Recognition of many issues

There are many environmental issues that remain untouched by the constant challenges that surround us.
We derive unique solutions to problems that cannot be solved through combination alone.


We need a sustainable environmental business that makes economic sense.

Natural Mechanism

We need to create a system that flows naturally without relying on forced support.

Use of Technology

Solid technological backing increases the certainty of a solution to the problem.

Getting Started

We must start from our feet and make small contributions first, rather than dreaming of the distant future.


Excess Waste Tire Problem

Approximately 100 million used tires (about 1 million tons) are generated in Japan each year.
Due to increased logistics, the amount of waste tires generated is not expected to decrease.

Due to the “National Sword” (国門利剣) waste import regulations, China has stopped accepting waste from the world since 2018. This regulation is said to have led to a surplus of waste tires.

The problems surrounding waste tires are becoming more serious, including diversification of waste disposal due to higher tire performance, increased environmental impact due to improper disposal, and a shortage of remaining capacity at final disposal sites.

Decreasing demand for fuel (waste tire chips) from paper manufacturers

Approximately 65% of waste tires have been used as a heat source by paper manufacturers, cement companies, etc.
On the other hand, the demand for waste tires as fuel has declined due to the decrease in production volume by paper manufacturers and the decrease in domestic demand for cement, resulting in a surplus of waste tires.

The Fuji Mill of Nippon Paper Industries has terminated paper production and no longer accepts tire chips. In addition, the Hirohata area of Nippon Steel Setouchi Iron Works terminated operations to recycle waste tires.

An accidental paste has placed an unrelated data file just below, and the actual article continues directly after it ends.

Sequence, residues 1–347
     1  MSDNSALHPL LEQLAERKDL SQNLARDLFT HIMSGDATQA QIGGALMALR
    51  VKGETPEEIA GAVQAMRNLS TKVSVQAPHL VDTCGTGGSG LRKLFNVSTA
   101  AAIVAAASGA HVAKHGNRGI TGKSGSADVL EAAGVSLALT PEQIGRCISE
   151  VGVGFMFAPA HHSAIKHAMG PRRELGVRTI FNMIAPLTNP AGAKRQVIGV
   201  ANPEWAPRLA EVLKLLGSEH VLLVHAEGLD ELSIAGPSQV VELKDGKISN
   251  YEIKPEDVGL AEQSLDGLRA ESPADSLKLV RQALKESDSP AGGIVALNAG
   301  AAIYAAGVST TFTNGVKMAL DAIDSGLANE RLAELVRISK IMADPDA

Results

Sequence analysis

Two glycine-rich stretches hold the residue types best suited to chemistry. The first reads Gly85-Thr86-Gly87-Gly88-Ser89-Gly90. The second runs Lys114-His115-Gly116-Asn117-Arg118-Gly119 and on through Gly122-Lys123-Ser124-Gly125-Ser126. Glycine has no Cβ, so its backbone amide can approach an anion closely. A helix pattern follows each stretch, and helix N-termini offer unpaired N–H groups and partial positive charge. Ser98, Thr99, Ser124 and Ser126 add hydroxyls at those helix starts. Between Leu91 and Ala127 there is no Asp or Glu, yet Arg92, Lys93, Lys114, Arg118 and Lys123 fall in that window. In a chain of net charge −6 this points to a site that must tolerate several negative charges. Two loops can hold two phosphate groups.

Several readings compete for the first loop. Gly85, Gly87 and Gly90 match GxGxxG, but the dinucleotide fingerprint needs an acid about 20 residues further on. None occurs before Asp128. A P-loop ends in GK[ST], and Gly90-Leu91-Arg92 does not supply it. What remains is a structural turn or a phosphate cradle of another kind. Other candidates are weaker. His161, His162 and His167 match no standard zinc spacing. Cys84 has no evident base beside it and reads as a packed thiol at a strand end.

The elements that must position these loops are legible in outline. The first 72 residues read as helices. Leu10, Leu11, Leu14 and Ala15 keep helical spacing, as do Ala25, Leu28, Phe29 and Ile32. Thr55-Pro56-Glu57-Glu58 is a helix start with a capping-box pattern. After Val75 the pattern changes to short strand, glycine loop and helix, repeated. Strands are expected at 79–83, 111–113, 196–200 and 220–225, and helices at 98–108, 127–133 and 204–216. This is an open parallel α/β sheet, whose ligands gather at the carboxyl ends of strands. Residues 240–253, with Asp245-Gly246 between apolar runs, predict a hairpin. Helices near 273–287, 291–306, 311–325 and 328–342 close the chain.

As the reorganization and review of domestic plants continues, the use of waste tires as a heat source will enter a phase of decline.


Problem of Waste from Photovoltaic Panels

Solar panels have a product life of approximately 25 to 30 years, and a large amount of waste is expected to be generated from around 2040, when the solar power generation business, which began after the start of the FIT, comes to an end.
Solar panels must be disposed of properly because they contain hazardous substances such as lead, cadmium, and selenium.

Because solar panels are made up of layers of electrodes and silicon that are tightly bonded together, they are difficult to separate and recycle, so they are landfilled at industrial waste disposal sites.
The problem of illegal dumping of the large amount of waste panels generated and the shortage of disposal sites are looming.


Need for decarbonization in the agriculture, forestry, and fisheries sectors

Agriculture, forestry, and other land uses account for 34% of total CO2 emissions.
Emissions from the agricultural sector come from methane emissions from rice paddies, fermentation in the digestive tracts of livestock, and livestock waste management.

Agricultural equipment still uses a lot of diesel fuel, ships also use a lot of fossil fuels, and greenhouse cultivation in plastic greenhouses still uses a lot of fossil fuels.